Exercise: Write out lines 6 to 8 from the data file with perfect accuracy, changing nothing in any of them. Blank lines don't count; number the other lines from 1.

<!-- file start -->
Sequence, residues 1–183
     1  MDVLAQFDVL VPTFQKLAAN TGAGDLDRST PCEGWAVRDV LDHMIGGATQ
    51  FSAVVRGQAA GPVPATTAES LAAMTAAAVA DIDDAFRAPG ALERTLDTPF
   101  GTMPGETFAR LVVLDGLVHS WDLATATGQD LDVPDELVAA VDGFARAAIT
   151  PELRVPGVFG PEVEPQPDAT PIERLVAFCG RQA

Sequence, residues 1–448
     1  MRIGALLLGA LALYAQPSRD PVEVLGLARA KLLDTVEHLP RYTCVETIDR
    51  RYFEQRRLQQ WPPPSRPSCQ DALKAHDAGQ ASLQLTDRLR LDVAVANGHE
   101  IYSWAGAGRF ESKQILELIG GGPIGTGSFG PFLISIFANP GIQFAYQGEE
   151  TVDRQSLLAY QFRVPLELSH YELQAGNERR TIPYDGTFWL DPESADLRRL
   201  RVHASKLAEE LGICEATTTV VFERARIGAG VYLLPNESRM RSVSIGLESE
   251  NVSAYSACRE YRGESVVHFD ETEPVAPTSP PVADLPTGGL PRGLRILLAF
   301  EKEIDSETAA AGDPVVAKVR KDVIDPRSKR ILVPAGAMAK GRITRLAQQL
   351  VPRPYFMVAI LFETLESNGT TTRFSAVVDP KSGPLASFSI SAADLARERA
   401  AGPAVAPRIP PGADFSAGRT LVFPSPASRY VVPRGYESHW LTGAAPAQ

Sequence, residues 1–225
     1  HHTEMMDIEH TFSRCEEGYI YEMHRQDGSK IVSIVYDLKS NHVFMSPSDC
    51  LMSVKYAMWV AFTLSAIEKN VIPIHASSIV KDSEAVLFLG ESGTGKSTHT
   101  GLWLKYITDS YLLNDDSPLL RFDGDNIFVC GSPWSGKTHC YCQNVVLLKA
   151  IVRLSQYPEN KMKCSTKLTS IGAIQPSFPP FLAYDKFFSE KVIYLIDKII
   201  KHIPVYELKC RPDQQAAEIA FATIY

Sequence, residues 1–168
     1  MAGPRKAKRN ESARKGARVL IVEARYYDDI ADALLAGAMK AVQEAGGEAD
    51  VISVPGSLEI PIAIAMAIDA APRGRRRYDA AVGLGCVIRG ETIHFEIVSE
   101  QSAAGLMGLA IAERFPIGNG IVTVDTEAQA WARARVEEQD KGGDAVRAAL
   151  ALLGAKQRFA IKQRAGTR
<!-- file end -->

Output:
Sequence, residues 1–448
     1  MRIGALLLGA LALYAQPSRD PVEVLGLARA KLLDTVEHLP RYTCVETIDR
    51  RYFEQRRLQQ WPPPSRPSCQ DALKAHDAGQ ASLQLTDRLR LDVAVANGHE